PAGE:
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CARICOM accused of foot-dragging on Dominican Republic issue
Published on November 5, 2013 Email To Friend    Print Version

By Ken Richards

BASSETERRE, St Kitts (WINN) -- A local MP who is throwing his hat into the ring hoping in the near future to become a head of government, has chastised the Caribbean Community(CARICOM) for moving too slowly on the Dominican Republic statelessness issue.

Dr Timothy Harris
Dr Timothy Harris of Team Unity said the regional grouping should have moved much more speedily after learning of the September 23 constitutional court ruling in Santo Domingo, set to make more than 210,000 Dominicans of Haitian descent stateless.

Harris was asked about the matter on Winn FM’s The Bigger Picture.

“CARICOM is taking a stand belatedly. CARICOM is losing its vitality, the office, the good office of CARICOM in relation to matters of governance is being undermined and is being whittled away,” Harris suggested.

“I draw that parallel to show what is CARICOM’s stance in the context of a motion of no confidence in St Kitts being in abeyance for 11 months – ‘well it’s not a matter in which we engage,’” Harris, who heads the three-party parliamentary group that controls six of the eleven elected seats in the federal parliament, told WINN FM’s The Bigger Picture.

Opposition MPs in Basseterre have repeatedly expressed disappointment that regional groupings CARICOM and the OECS have largely ignored the motion of no confidence issue in St Kitts and Nevis.

Harris said in relation to the Dominican Republic matter that CARICOM had to be pushed into addressing the issue by former Jamaican prime minister PJ Patterson.

“And I am saying that CARICOM must have a mechanism where on its own evaluation it responds quickly to challenge(s) to constitutional and democratic order in member states – Haiti is a member of CARICOM,” Harris said.

However, the assistant secretary general of the Organisation of American States, Albert Ramdin, said CARICOM is playing a critical role in trying to get the statelessness issue resolved.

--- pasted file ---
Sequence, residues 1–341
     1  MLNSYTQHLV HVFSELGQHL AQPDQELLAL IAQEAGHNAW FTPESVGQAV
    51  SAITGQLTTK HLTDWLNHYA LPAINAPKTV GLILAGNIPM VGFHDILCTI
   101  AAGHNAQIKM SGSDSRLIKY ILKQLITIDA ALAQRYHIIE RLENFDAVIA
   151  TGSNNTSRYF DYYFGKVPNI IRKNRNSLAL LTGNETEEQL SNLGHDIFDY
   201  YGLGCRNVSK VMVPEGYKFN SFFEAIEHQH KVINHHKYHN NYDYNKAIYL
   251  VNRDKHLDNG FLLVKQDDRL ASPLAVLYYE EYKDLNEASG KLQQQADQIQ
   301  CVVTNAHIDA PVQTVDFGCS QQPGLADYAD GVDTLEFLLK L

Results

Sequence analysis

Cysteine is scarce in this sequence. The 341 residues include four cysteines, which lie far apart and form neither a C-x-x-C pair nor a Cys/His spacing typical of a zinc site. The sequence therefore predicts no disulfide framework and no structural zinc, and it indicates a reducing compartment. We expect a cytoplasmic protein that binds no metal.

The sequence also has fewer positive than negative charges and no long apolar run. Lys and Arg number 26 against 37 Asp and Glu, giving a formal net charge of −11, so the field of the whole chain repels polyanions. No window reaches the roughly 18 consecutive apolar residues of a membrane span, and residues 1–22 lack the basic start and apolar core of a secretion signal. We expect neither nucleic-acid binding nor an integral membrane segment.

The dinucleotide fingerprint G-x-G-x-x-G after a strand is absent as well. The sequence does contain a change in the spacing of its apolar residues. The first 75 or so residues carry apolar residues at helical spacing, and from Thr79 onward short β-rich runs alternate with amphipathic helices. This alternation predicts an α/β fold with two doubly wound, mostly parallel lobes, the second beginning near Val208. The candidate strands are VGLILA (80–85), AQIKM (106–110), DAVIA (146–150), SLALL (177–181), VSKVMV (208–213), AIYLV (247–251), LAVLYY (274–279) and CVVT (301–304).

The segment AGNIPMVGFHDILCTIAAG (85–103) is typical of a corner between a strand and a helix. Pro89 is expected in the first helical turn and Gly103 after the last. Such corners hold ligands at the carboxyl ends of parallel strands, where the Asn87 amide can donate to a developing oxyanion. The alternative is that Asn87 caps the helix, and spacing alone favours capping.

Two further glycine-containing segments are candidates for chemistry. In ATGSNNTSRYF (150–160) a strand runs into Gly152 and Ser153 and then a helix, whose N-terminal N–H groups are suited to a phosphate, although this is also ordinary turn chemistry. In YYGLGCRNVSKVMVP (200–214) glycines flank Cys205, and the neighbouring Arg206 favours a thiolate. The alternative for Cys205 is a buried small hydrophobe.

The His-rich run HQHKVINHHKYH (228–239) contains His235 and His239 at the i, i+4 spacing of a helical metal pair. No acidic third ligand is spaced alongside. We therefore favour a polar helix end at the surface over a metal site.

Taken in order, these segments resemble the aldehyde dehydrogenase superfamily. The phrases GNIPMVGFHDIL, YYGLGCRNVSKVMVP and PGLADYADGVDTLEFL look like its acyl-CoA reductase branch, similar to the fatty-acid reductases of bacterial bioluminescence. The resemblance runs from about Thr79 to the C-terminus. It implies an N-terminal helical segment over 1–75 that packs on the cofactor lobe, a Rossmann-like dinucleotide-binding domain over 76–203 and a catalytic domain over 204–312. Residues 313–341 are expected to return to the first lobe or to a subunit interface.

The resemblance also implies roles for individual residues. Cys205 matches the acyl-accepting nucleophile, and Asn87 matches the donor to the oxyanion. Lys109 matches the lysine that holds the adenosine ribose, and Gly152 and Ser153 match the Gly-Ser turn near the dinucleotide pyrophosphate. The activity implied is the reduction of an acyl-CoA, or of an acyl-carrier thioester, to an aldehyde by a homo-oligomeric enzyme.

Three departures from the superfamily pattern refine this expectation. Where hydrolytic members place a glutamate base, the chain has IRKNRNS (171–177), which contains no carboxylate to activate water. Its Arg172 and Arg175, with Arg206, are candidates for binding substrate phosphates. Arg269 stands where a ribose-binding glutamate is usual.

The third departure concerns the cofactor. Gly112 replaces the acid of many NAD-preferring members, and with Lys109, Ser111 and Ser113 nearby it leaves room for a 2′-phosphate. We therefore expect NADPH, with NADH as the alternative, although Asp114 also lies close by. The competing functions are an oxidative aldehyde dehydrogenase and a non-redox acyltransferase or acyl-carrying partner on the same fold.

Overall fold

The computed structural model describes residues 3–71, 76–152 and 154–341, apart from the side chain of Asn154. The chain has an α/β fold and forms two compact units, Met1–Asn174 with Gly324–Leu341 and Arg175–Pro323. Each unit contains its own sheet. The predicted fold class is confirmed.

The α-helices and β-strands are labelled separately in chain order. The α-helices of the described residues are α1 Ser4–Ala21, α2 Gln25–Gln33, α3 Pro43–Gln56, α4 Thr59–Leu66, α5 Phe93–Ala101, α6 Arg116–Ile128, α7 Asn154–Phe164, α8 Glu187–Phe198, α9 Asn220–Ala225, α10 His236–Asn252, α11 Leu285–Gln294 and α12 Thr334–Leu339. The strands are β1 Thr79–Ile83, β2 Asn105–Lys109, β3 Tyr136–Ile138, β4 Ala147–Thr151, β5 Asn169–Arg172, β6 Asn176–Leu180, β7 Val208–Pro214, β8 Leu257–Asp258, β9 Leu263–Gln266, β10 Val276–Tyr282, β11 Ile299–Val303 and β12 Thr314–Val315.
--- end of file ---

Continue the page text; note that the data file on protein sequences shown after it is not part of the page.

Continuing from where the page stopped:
“And we will continue to engage with the CARICOM Secretariat as well as with the political leadership at this point in CARICOM, on what is the best way forward,” Ramdin told WINN FM.

At an OAS meeting last Wednesday where the Dominican Republic problem was discussed, the permanent representative of St Vincent and the Grenadines, La Celia Prince, spoke on behalf of CARICOM on the matter.

Countries in the region taking a serious look at the Dominican situation include Barbados.

That island’s Pan Africanist and Socialist Organizations have passed a resolution against the Dominican Republic’s Constitutional Court ruling to deny citizenship to persons of Haitian decent born in the Dominican Republic.

Republished with permission of West Indies News Network
Reads: 44516

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Paco Smith:

I agree, wholeheartedly, with the sentiments expressed by Dr. Harris.

Within its capacity of being the vehicle and entity which binds its member states together, CARICOM can not afford to drag its feet on this matter.

Kudos to the regional Pan African groups who have spoken out against the unjust ruling by the high court in the D.R.

CARICOM must take a proactive, leadership role in addressing this issue. If not, the criticisms concerning its viability and usefulness will be given greater deference.

This is no time to be "politically correct". It is clear for all to see that the decision by the aforementioned court is unfair and unjust. Definitive measures should have been contemplated and finalised long ago and with each passing day, the credibility of our regional integration vehicle is being called into question.

Although reluctantly, I dare say that due to the lack of apparent impetus to move forward on this particular matter, the criticisms are justified.


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